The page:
To overcome a §2(d) refusal, it is necessary to consider all of the relevant DuPont factors and argue that the applied-for mark is not confusingly similar to a registered mark. Oftentimes, a party facing a §2(d) refusal may seek a consent agreement. In a consent agreement, one party consents to another party’s registration of a similar or identical mark and explains why there is no likelihood of confusion between the marks. Strategically, it is best to first make an argument that confusion isn’t likely before seeking a consent agreement, as it will save money and time. In addition, consent agreements are only persuasive; the USPTO does not have to accept the consent agreement.
Check out our 3-part series with IP attorney M.J. Williams who describes three different scenarios and three distinct outcomes in overcoming §2(d) office actions:
Part I: Securing a Trademark Registration on the Principal Register
Part 2: Entering into a Consent Agreement with Parties Cited in Refusal
Part 3: Cancelling the Cited Mark and Seeking Registration on the Supplemental Register
2(e)(1) Merely Descriptive
A trademark application will be refused under §2(e)(1) if it is merely descriptive of goods or services. A descriptive mark may consist of a design, a word or phrase, or a combination thereof, and serves to describe a characteristic, feature, quality, or function of a good or service. One of the reasons registration of descriptive terms is prohibited is because the USPTO wants to prevent companies from unduly harming their competitors by having a monopoly over a descriptive term.
For example, the mark COLD AND CREAMY is descriptive for ice cream because it describes ice cream characteristics. An example of a descriptive design mark is a cue stick and ball for a billiard parlor.
It is possible to overcome a §2(e)(1) refusal by arguing that the mark is suggestive or fanciful. Alternatively, it may be possible to argue that the mark has acquired distinctiveness under §2(f) of the Trademark Act. Read more about §2(f) here.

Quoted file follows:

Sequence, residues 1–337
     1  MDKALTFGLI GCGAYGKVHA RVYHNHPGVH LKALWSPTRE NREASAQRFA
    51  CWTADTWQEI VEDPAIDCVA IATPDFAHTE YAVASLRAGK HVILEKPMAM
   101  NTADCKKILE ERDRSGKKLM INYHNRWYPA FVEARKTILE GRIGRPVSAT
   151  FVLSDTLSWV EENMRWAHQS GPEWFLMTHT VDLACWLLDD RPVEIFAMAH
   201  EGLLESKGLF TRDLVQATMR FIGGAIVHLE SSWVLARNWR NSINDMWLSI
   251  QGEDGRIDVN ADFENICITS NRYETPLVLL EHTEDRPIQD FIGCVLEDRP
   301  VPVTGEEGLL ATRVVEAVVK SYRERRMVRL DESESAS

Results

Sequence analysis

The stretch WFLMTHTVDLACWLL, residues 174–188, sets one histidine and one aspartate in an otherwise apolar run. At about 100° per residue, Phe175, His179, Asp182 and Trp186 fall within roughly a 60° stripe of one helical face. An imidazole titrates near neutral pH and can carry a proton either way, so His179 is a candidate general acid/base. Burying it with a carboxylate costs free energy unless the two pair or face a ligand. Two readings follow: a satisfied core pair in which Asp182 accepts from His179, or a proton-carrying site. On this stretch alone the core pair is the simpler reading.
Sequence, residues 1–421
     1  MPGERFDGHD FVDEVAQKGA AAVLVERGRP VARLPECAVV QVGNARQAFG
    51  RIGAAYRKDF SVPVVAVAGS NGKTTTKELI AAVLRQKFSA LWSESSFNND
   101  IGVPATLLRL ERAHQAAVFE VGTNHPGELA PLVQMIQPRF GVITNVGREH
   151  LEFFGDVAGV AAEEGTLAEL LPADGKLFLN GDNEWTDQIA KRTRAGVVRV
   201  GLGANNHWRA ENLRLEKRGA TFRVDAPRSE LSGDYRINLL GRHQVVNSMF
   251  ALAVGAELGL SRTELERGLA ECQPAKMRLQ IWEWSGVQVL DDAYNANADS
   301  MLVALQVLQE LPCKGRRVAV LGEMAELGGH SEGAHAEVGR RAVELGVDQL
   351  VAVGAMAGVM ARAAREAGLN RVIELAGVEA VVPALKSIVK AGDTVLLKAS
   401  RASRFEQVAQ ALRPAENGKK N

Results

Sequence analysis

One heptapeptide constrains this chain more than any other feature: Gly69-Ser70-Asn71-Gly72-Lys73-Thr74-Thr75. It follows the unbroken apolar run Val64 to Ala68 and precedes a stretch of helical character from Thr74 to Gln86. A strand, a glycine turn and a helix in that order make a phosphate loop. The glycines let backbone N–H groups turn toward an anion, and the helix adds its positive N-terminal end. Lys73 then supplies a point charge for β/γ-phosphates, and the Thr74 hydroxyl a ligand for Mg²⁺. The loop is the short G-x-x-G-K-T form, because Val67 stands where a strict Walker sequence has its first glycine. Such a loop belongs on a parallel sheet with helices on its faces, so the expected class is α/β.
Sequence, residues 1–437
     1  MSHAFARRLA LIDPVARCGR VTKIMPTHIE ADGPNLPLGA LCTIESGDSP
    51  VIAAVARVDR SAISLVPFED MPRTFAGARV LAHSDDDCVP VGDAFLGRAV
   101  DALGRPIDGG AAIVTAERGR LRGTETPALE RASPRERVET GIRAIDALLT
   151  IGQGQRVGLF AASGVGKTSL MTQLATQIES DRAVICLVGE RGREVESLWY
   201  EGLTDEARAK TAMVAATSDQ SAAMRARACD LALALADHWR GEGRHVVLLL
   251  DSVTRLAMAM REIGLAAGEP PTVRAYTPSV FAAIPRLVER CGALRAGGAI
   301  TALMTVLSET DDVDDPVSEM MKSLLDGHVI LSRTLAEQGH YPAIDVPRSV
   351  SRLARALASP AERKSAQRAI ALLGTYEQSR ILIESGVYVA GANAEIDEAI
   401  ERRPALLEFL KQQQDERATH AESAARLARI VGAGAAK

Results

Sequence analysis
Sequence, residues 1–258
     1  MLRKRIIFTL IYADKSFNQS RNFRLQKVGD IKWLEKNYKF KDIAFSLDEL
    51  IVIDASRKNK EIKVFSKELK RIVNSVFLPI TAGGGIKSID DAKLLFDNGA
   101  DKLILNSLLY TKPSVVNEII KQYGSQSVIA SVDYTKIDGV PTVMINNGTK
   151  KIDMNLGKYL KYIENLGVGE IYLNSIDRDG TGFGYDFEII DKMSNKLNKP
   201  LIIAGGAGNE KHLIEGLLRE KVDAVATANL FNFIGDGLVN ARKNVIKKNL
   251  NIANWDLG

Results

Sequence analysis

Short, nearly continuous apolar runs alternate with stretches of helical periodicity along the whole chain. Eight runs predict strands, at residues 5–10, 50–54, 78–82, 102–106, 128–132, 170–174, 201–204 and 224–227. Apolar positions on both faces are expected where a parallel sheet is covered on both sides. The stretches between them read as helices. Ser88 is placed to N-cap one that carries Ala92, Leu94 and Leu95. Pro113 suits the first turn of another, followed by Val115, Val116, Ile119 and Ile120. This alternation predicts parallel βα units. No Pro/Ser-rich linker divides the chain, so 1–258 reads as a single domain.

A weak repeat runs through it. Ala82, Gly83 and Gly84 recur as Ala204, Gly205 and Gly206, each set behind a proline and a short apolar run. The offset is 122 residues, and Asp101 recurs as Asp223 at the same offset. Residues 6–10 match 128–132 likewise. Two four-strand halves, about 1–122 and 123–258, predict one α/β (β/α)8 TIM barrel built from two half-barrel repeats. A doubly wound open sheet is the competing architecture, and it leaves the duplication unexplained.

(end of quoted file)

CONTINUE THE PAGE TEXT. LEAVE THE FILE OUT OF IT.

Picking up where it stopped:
2(e)(1) Deceptively Misdescriptive
A trademark application will be refused under §2(e)(1) if the mark is deceptively misdescriptive. A mark is deceptively misdescriptive if it falsely describes a characteristic, feature, quality, or function of a product or service, and if it is likely that consumers would believe in the misdescription and make a purchase based on this belief.
For example, LOVEE LAMB for seat covers, where the seat covers were not actually made from lambskin, is deceptively misdescriptive. This is because lambskin is used to make seat covers, which are more expensive and luxurious than seat covers made from other materials. Consumers are likely to believe that the LOVEE LAMB seat covers are made from lambskin and will make a purchase based on this belief. Overcoming a §2(e)(1) refusal can be accomplished by arguing that consumers are unlikely to believe in the misrepresentation.
2(e)(2) Merely Geographically Descriptive
A trademark application will be refused under §2(e)(2) if the mark is geographically descriptive. A mark is geographically descriptive if it describes a geographic location and the goods or services for which the applicant seeks registration originates in that geographic location. In addition, it must be plausible that consumers would believe the goods or services originate from the geographic location. To support a §2(e)(2) refusal, the examining attorney must prove that the mark’s primary meaning refers to the geographical location.
For example, VENICE for glassware from Venice is geographically descriptive. Another example is MANHATTAN for cookies baked in the borough of Manhattan in New York City.
It is possible to overcome a §2(e)(2) refusal by showing that the mark’s primary significance is not the geographic location described in the mark. Alternatively, if the mark has “acquired distinctiveness,” this may be grounds for overcoming the refusal. Read more about “acquired distinctiveness” here.
2(e)(3) Geographically Deceptively Misdescriptive
A trademark application will be refused under §2(e)(3) if the mark is geographically misdescriptive. A mark is geographically deceptively misdescriptive if: (1) the mark’s primary significance is a geographic location, (2) the goods or services for which the applicant seeks registration does not actually originate in that geographic location, (3) consumers are likely to believe in the misrepresentation, and (4) the misrepresentation is a material factor in their purchasing decisions.